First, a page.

Peanut Butter Hummus

Peanut butter hummus

The Spruce / Cara Cormack

Prep: 10 mins
Cook: 0 mins
Total: 10 mins
Servings: 44 servings
Yield: 2 3/4 cups
Nutrition Facts (per serving)
28 Calories
2g Fat
3g Carbs
1g Protein
Show Full Nutrition Label Hide Full Nutrition Label
Nutrition Facts
Servings: 44
Amount per serving
Calories 28
% Daily Value*
Total Fat 2g 2%
Saturated Fat 0g 1%
Cholesterol 0mg 0%
Sodium 43mg 2%
Total Carbohydrate 3g 1%
Dietary Fiber 1g 3%
Total Sugars 1g
Protein 1g
Vitamin C 0mg 2%
Calcium 5mg 0%
Iron 0mg 1%
Potassium 22mg 0%
*The % Daily Value (DV) tells you how much a nutrient in a food serving contributes to a daily diet. 2,000 calories a day is used for general nutrition advice.
(Nutrition information is calculated using an ingredient database and should be considered an estimate.)

Hummus, the Arabic word for chickpea, is the most popular dip in Middle Eastern cuisine. The basic recipe calls for cooked and mashed chickpeas, blended together with olive oil, lemon juice, garlic, sesame paste and seasoning. It's thick and creamy with a great savory flavor. It can be a dip for pita bread or vegetables but also the base for roasted vegetables or even meats like ground lamb or beef shish kebobs.

For some people, nothing beats the taste and smoothness of homemade hummus. But for those who prefer a quicker method, there are several food brands that make and sell ready made hummus in almost all grocery stores in the United States.

Still, traditional hummus is not always the easiest taste for kids who did not grow up with it. Peanut butter hummus, however, is definitely a kid favorite. Naturally high in protein, it can also be helpful for picky eaters who don't eat a lot of meats. But, while we definitely would like children to eat more legumes, such as the chickpeas that form the base of all hummus, the fact is that most adults love peanut butter every bit as much as children do.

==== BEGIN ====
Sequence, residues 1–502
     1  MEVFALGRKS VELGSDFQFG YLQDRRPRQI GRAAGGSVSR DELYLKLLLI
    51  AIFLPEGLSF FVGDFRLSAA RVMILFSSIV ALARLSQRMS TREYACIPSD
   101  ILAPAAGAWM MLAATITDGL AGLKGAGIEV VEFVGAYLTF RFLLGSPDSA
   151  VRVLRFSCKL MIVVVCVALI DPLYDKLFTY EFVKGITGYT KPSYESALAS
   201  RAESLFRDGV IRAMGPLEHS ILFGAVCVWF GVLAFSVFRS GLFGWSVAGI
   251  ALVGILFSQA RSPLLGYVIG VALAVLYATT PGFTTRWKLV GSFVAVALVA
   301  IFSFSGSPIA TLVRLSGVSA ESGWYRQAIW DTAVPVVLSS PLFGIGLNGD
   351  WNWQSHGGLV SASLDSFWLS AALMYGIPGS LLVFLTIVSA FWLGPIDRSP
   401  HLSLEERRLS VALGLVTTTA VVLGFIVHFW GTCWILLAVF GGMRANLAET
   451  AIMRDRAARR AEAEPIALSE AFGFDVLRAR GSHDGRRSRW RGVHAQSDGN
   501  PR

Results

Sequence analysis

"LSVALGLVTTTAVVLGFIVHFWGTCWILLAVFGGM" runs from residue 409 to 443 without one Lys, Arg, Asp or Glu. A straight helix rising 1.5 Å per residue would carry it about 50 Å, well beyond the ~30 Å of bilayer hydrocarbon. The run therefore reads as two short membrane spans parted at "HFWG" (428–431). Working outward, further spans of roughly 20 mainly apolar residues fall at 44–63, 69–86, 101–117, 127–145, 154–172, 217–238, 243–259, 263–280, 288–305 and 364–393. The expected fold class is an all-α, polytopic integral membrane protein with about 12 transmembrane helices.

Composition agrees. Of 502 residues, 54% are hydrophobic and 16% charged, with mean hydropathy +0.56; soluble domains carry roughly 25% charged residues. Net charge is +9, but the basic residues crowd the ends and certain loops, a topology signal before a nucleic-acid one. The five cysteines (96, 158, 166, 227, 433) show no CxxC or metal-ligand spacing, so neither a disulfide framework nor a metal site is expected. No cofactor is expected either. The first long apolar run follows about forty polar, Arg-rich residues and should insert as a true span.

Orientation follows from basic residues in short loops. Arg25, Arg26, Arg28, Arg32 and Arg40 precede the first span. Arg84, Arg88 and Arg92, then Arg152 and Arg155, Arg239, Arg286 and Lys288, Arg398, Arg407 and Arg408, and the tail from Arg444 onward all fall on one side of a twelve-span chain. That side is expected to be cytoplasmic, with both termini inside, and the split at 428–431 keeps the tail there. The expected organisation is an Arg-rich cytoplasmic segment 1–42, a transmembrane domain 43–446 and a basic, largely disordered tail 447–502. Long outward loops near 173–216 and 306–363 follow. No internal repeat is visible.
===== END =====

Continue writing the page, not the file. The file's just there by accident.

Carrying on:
Most people, particularly in the United States, are fans of the paste made from dry roasted peanuts. And, in fact, the U.S. is the leading consumer and importer of peanut butter. There is a great variety to choose from on the store shelves including smooth, chunky, sweetened and all natural with either just peanuts and salt or peanuts alone with no other ingredients. And while it is true that neither peanuts nor peanut butter figure much into Middle Eastern cuisine, the popularity of peanut butter makes it a great addition to the cultural mash up dish.


  • 1 (15- to 19-ounce) can chickpeas

  • 1/3 cup warm water

  • 4 tablespoons natural-style peanut butter

  • 2 tablespoons olive oil

  • 3 tablespoons freshly squeezed lemon juice, from 1 lemon

  • 1 clove garlic, crushed

  • 1/4 teaspoon salt

Steps to Make It

  1. Gather the ingredients.

  2. Combine the chickpeas, warm water, peanut butter, olive oil, lemon or lime juice, crushed garlic and salt to a food processor. Blend to a very smooth, dip-like consistency. If it is too thick, add a bit more warm water, 1 tablespoon at a time, until the mixture has reached your desired level of thickness.

  3. Serve peanut butter hummus with fresh celery sticks, carrot sticks, and broccoli florets. Warm pita or French bread cubes also go very well for dipping.

  4. Many people sprinkle roasted chickpeas on top of traditional hummus, but you can sprinkle some roasted peanuts on top of this to add some texture and also indicate the flavor.

    Peanut butter hummus
    The Spruce / Cara Cormack


  • You can serve the peanut butter hummus immediately or store it, covered, in the refrigerator for up to three days.

Recipe Variation

  • Switch from lemon to lime juice if you prefer.